The Grow Home wins World Habitat Award
The Grow Home, an affordable townhouse design first constructed in 1990, has received the prestigious World Habitat Award. McGill School of Architecture professor and co-designer Avi Friedman will attend the ceremony in China.
Professor Avi Friedman goes to China to accept his prize
The Grow Home, an affordable townhouse constructed as a demonstration unit on the downtown campus of McGill University in Montreal in 1990 and subsequently adopted with great enthusiasm by the homebuilding industry, has been recognized with the prestigious World Habitat Award. McGill School of Architecture professor Avi Friedman will be flown to Dalian, China to accept the award. He leaves Montreal at the end of September, and the ceremony takes place in China on World Habitat Day, October 4.
"I am thrilled," says Professor Friedman. "It is an honour to be recognized this way."
The Grow Home, well known to Montrealers, is a two-storey unit with an optional basement, 4.3 metres to 6.1 metres (14 to 20 feet) wide, that can be constructed for $40,000 CDN ($27,000 US). The unit was co-designed by Witold Rybczynski, now teaching in the United States, and Avi Friedman for the McGill School of Architecture. To date, approximately 10,000 Grow Home units have been built throughout North America, providing affordable homes to many first-time homebuying families. Substantial cost savings are obtained as a result of the narrow dimensions of the home as well as by leaving one of the floors unpartitioned for further adaptation when the need arises.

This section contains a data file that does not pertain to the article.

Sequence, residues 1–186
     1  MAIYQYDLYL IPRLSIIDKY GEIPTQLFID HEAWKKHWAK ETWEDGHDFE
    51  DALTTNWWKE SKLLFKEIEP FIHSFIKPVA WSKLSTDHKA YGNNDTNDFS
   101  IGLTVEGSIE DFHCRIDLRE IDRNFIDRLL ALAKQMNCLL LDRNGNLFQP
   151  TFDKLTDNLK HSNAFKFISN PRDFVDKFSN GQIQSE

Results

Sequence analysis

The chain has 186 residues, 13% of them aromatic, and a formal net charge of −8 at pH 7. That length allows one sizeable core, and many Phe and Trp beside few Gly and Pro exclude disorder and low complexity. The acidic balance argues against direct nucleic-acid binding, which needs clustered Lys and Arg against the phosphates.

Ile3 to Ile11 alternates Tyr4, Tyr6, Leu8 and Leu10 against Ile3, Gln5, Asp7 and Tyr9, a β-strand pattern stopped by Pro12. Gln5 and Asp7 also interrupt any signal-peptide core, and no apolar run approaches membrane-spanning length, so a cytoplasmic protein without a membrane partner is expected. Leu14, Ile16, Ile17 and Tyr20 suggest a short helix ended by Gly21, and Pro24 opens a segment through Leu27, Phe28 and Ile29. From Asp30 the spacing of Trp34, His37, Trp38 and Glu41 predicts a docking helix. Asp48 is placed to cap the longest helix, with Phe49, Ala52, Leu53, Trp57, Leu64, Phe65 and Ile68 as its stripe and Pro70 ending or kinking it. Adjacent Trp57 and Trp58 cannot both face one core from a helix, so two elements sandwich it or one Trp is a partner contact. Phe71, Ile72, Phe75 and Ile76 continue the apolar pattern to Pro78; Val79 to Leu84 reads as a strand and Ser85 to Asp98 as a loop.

The World Habitat Awards were initiated in 1985 as part of the contribution of the Building and Social Housing Foundation (BSHF) to the United Nations International Year of Shelter for the Homeless in 1987. They are meant to identify innovative and successful human settlement projects throughout the world which could be replicated elsewhere. The BSHF is an independent research body based in Leicestershire (UK) and received its financial endowment from a building organization set up by a group of homeless and penniless ex-servicemen just after World War II. The award is handed out on World Habitat Day every autumn in different sites around the globe. This year the ceremony takes place in Dalian, China, and Professor Friedman will accept the award from the Chinese Minister of Construction.
"We are delighted that a concept developed in a university setting has had such a tremendous impact on peoples lives," says Professor Friedman, who is also director of the McGill Affordable Homes Program. His comment is echoed by David Covo, head of the McGill School of Architecture. "Our teaching and research activities provide the context for such innovative projects as The Grow Home, and the international recognition associated with the World Habitat Award will add lustre to our reputation, building even more international links," notes Covo.
The award provides $24,000 Canadian and carries the condition that three-quarters of the money be spent on promoting the winning idea.